By Mishal Kanoo
A drop in oil price has more to do with US political hot air than weather patterns.
There are many who claim that the sliding price in the oil market is due to the hotter than usual weather in the US this winter. These people also argue that the US oil reserves are higher than they thought they would be at this time and that the price of oil has therefore dropped. This is rubbish. This is all talk with really nothing significant to substantiate their claims. I said it in the past and I will say it again. The reason the price of oil has dropped so dramatically has been because of politics and nothing more than that.
Before I explain why I think politics is the main reason for this sharp decline, let me state a few facts that have not changed since the summer of last year when the price of oil hit its highest price of US$78. China and India’s consumption of oil has not dropped in the slightest over that time period. These are the two most populous nations in the world and both are emerging economies with a massive appetite for power.
Despite both countries’ leaders understanding that the risk of overheating each economy is great both have grown, over 7% for India and 10% for China. And there are no reasons in either country to suggest a slowdown, while the US’s consumption for oil hasn’t shrunk either.
Put together, these three economic giants, as well as Europe, have not seen a slowdown in air transport, property and infrastructure construction, and their respective power sectors needs for oil in the last six months. Yet we are expected to believe even though these energy hungry monsters are on a binge, oil prices have dropped 35% because the US has had a mild winter?
So those so-called experts are stating that because the US has had a mild winter, and US oil reserves are higher than expected, that the price of oil fell over 35% in six months? Taking this fact on an annual basis means a 70% drop for oil prices if the trend continues.
By any measure, that is a disaster not only for us as oil producers but for all the oil explorers and service companies and they are the main backers of the Republican party in the US. More importantly, even though OPEC has cut, or at least said it would cut, production twice, the price of oil has not moved upwards as it should have. Now Saudi Arabia is saying that it will not cut production and will, in fact, increase production by 40% over its current production rate by 2009.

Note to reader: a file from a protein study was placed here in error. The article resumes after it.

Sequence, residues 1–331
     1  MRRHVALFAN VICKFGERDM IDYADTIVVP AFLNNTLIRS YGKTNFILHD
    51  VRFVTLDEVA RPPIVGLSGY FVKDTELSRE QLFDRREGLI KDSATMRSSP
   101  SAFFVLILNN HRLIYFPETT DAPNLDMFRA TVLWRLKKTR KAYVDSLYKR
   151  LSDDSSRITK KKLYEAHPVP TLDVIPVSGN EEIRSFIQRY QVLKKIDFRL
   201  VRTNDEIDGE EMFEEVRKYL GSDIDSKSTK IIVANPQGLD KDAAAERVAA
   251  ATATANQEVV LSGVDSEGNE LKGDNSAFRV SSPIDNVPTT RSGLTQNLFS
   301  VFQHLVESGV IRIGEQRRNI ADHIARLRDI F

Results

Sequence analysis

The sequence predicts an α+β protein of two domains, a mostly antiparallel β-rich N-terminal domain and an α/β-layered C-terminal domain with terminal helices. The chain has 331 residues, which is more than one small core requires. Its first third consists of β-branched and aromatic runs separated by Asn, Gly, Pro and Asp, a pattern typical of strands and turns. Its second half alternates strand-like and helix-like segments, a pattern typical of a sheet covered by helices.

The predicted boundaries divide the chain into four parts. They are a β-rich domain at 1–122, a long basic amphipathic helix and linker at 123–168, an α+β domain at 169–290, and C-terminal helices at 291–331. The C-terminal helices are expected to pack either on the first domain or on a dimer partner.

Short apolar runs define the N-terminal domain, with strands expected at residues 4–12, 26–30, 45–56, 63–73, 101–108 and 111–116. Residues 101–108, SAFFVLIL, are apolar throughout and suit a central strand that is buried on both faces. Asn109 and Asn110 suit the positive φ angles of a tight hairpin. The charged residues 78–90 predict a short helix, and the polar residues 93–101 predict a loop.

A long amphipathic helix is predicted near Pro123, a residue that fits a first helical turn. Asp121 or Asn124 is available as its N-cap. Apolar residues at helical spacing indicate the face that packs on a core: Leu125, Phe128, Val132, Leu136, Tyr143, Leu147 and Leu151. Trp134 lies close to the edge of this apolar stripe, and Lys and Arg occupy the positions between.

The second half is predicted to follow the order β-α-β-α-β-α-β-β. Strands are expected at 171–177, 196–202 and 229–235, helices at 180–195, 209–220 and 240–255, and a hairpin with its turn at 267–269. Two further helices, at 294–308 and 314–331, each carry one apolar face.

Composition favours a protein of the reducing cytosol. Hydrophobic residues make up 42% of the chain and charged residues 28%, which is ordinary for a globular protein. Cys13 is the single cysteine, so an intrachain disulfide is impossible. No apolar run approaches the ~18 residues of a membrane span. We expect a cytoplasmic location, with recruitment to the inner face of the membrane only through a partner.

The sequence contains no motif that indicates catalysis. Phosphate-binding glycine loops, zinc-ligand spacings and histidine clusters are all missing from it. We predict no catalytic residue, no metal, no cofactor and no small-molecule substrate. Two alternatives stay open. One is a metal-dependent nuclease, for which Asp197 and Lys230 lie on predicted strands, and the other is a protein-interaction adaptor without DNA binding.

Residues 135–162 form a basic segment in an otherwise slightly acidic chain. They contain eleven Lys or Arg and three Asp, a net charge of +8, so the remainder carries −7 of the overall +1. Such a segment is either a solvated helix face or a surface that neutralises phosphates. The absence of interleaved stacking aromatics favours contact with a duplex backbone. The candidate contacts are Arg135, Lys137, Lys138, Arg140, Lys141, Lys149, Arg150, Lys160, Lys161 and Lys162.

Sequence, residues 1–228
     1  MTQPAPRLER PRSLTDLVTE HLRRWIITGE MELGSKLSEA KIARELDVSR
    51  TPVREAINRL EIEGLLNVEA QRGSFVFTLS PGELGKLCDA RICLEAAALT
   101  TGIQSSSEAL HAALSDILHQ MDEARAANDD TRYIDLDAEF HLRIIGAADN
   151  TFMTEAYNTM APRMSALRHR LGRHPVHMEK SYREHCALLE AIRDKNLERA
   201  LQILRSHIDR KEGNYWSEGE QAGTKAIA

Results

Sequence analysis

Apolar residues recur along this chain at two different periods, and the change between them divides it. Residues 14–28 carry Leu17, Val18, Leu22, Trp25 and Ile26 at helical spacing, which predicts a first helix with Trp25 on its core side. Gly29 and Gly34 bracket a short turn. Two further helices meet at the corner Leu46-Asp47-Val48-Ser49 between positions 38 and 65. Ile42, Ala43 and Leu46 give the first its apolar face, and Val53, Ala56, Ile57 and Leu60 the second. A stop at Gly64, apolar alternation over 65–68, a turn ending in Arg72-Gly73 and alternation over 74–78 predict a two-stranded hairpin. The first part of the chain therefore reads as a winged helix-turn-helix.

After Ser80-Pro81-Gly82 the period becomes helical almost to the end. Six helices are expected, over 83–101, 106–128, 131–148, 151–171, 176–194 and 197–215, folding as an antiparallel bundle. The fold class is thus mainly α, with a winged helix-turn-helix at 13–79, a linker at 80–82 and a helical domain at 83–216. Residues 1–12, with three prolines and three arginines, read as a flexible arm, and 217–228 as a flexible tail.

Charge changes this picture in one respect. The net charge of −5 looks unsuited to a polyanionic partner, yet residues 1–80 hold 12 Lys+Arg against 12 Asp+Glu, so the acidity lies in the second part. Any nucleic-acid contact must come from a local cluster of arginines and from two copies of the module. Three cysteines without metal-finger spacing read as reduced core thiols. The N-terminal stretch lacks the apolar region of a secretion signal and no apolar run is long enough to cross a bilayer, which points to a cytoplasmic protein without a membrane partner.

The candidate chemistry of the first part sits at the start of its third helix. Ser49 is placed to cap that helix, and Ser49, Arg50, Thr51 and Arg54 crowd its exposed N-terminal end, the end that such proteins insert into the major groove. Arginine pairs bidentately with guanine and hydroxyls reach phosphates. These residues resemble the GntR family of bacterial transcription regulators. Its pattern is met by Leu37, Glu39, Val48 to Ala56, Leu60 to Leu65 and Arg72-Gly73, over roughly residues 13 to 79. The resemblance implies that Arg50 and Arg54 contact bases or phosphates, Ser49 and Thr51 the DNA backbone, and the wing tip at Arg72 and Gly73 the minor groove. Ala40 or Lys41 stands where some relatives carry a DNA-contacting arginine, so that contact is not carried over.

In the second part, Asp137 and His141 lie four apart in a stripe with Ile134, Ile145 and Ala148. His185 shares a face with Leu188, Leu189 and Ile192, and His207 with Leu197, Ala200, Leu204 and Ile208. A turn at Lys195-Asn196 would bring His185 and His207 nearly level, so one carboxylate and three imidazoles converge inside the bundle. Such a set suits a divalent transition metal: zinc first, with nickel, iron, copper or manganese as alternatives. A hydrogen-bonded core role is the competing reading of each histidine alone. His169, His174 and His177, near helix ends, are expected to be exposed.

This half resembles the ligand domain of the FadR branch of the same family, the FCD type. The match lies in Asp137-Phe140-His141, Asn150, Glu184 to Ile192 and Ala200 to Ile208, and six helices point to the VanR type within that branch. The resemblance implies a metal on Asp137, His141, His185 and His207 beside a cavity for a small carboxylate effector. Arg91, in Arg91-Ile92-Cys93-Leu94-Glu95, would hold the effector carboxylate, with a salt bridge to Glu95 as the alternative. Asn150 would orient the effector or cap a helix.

The UAE is also going that way. Between these two OPEC giants, the market will be flooded by OPEC oil let alone non-OPEC oil that is already overflowing in the oil market.
Even more curious and worth pondering over is the fact that the major loss in price, about US$12, has only happened since the beginning of the year. That is a 20% drop in less than a month.
Annualise this loss, which should only be understood as a way of showing deterioration and not an empirical fact, and it would be over 240% in one year.
Now why I believe the reasons for this oil price crash are political and not economical. As I mentioned in an article published last October in Arabian Business, if the Democrats take over the US Congress, they would make life for the Bush Administration miserable. And that is exactly what has happened for the current government.
If you chart the immediate slide of the price of oil from the US$61 to US$62 level to the present day, you will see that no significant economic developments.
The only significant thing took place on January 3rd when the Democrats took office and the slide began.
Since then, the only significant economic factors that appeared across the news agencies were that the US’s oil reserves were higher than expected. Even this is not really significant because if you tracked this historically, the price shift from this type of news has never been significant. The other bit of news was the weather and heating oil plays a minor role in the overall prices.
What no one talked about was that air travel increased enough to be an equalising factor to that of heating oil. Therefore what else could have caused this slide?
Sometimes the answer is too simple and so obvious that most pundits don’t want to state it because it would make them look stupid for using the same tired, and obviously inadequate answer to the problem.
That would make their jobs obsolete and thus no one would ask their opinions.
I was taught a long time ago that oil and water don’t mix. Let me restate that. Oil and Democrats don’t mix.
Mishal Kanoo is deputy chairman of the Kanoo GroupFor all the latest banking and finance news from the UAE and Gulf countries, follow us on Twitter and Linkedin, like us on Facebook and subscribe to our YouTube page, which is updated daily.
I fail to see how US politics affects oil prices in the way that you suggest. I'm no expert, but my reasoning is that two things affect price: actual supply versus demand, or anticipated supply versus demand. Oil price spikes are caused either by oil producers restricting the supply, or by investors getting nervous that supplies might in the future run short because of war, freezing winters, regional instability, etc. How does the success of Democrats in US elections affects this mix?